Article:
John Calvin famously said, “Man’s nature, so to speak, is a perpetual forge of idols”. Or as Tim Keller has phrased it, an idol factory.
We are prone to worship and give our allegiance to idols (things that are not God), thus sinning by breaking the first two commandments.
In Old Testament times, Samuel said to the people of Israel:
“If you are returning to the Lord with all your heart, then put away the foreign gods and the Ashtoreth from among you and direct your heart to the Lord and serve him only, and he will deliver you out of the hand of the Philistines.” (1 Samuel 7:3)
The Israelites had succumbed to the false idols of that day and age.
They worshipped and gave their allegiance to Baal and Ashtoreth, tribal deities of the surrounding nations.
Samuel said that if the Israelites wanted to repent and turn to God their repentance must be tangible and will be difficult.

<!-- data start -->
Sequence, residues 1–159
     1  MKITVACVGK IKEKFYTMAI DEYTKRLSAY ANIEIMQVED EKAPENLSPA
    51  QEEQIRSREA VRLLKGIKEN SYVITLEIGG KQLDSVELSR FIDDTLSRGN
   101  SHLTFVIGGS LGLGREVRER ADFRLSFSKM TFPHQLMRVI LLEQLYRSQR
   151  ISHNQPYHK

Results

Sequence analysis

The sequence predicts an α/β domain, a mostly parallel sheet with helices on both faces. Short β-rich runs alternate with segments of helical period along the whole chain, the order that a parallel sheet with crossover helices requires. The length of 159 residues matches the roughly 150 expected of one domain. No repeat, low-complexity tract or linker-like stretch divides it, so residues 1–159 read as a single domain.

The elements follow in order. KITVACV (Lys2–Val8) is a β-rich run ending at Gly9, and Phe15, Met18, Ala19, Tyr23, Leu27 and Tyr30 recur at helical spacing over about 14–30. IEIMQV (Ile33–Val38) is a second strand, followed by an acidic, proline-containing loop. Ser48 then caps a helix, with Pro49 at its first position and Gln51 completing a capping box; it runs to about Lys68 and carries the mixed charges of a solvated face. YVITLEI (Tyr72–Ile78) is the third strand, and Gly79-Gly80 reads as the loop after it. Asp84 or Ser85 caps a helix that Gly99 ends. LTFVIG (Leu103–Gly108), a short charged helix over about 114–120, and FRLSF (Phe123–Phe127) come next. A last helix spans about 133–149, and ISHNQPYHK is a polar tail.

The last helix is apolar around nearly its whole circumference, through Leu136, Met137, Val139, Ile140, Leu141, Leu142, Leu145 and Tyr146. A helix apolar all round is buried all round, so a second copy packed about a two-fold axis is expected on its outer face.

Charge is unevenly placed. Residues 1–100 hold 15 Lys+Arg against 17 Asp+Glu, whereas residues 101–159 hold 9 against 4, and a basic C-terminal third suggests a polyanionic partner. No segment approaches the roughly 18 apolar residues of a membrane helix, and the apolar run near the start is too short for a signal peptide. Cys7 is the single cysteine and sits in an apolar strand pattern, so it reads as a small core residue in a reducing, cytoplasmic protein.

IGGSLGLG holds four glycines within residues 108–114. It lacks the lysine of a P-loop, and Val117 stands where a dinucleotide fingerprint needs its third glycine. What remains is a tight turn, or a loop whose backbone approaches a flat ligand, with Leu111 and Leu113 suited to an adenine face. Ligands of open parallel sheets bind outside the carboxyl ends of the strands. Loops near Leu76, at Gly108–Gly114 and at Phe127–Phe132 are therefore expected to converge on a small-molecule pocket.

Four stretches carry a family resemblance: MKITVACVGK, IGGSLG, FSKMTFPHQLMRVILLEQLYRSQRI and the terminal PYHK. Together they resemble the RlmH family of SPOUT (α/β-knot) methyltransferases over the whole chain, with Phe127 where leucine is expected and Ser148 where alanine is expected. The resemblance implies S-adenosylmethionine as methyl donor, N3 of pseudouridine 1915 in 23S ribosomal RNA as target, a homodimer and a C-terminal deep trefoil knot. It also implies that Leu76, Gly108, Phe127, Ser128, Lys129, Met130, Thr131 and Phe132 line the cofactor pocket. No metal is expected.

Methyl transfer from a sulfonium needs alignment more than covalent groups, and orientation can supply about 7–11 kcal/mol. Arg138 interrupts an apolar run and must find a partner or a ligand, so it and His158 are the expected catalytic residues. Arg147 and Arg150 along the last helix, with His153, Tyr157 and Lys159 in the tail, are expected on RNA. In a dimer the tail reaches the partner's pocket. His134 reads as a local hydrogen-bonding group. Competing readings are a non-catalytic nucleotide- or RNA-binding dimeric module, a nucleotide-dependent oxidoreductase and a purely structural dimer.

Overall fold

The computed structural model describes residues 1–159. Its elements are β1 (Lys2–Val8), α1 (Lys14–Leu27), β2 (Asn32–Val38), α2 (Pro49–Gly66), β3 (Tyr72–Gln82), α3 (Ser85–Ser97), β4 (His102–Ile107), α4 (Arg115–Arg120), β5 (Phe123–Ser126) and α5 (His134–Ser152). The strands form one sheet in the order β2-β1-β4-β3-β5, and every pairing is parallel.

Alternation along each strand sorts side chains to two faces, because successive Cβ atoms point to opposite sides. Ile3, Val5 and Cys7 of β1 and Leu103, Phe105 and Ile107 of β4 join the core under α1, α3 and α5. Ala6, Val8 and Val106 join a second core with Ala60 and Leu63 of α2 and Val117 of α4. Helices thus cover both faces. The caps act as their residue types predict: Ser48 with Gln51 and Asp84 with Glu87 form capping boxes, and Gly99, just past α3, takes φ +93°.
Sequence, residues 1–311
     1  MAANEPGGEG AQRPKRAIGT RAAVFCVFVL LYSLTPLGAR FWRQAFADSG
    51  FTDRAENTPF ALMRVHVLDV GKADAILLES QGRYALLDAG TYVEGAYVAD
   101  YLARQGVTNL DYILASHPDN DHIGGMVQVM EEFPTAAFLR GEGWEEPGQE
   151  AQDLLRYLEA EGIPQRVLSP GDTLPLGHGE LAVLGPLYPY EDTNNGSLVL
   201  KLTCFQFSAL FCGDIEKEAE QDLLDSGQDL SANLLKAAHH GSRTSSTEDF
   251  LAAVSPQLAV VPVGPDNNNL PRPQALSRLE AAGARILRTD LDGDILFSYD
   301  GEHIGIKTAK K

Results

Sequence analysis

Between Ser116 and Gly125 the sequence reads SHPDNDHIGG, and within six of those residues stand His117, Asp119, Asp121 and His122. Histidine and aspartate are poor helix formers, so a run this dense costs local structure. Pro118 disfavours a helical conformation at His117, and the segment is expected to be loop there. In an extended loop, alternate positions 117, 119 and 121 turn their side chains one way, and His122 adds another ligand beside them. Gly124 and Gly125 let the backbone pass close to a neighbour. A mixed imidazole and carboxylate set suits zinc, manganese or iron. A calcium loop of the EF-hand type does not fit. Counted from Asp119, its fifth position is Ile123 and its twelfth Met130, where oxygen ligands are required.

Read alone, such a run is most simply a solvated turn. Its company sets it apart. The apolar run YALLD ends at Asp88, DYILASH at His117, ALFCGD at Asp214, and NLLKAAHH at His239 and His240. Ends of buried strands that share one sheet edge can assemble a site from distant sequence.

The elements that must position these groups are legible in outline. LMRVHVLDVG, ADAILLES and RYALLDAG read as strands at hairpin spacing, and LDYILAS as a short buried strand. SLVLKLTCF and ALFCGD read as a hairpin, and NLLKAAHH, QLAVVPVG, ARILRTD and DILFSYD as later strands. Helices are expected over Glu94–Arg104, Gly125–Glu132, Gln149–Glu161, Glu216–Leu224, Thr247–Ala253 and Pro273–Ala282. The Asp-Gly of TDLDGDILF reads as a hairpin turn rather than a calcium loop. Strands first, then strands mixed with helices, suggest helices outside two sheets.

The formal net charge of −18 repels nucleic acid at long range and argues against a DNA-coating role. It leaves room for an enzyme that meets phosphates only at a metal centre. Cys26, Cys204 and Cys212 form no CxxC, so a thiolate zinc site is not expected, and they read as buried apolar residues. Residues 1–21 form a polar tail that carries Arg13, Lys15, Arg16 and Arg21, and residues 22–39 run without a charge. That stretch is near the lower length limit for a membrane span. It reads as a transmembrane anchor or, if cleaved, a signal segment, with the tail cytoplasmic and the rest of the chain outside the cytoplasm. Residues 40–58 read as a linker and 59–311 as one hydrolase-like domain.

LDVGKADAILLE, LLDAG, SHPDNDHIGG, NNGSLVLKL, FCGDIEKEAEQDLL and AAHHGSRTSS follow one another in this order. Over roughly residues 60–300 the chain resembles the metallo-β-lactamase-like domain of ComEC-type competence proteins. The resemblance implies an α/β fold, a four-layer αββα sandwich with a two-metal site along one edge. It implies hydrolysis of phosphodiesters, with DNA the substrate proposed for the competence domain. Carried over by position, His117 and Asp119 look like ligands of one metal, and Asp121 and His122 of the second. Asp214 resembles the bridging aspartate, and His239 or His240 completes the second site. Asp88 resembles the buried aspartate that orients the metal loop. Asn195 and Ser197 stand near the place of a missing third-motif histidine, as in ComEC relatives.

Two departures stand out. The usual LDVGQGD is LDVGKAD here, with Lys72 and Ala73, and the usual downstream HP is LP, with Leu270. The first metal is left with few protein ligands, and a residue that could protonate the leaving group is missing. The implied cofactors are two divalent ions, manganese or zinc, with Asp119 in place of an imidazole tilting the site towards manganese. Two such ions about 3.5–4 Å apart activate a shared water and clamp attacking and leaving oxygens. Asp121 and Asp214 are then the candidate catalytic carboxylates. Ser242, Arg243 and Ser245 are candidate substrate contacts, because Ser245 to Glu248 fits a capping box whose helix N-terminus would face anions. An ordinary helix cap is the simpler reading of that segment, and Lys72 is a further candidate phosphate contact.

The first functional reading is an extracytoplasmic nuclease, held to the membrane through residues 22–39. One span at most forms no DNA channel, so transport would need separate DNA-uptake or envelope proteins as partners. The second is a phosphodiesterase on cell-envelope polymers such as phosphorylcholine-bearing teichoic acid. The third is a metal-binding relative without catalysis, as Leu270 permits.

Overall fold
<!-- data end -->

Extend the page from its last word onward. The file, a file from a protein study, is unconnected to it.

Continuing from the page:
In Old Testament times, God had promised to give the land of Canaan to the Israelites (Genesis 12:1-3).
Under Joshua the Israelites invaded the land and conquered a great deal of it. The book of Judges is the follow-up account. Would the next generation believe God’s promise, obey God’s word and nail down their territory with a final conquest?
The people of the land of Canaan, the Canaanites, worshipped various tribal deities. The most popular was Baal and his female counterpart, Ashtoreth – the gods of fertility.
But rather than conquer the land and destroy its people, the Israelites compromised their faith and ended up following the false gods and wrong practices of the Canaanites.
King Manasseh is a conundrum. He was the most evil king Judah ever had and yet he was the longest reigning king. (cf. 2 Chronicles 33) In the Old Testament books of Kings and Chronicles every king’s life is summed up either by, “he did what was evil in the sight of the Lord” or “he did what was right in the eyes of the Lord.” No matter what the king’s military gains, political accomplishments, feats of bravery or economic successes, in the end it boiled down to this one thing.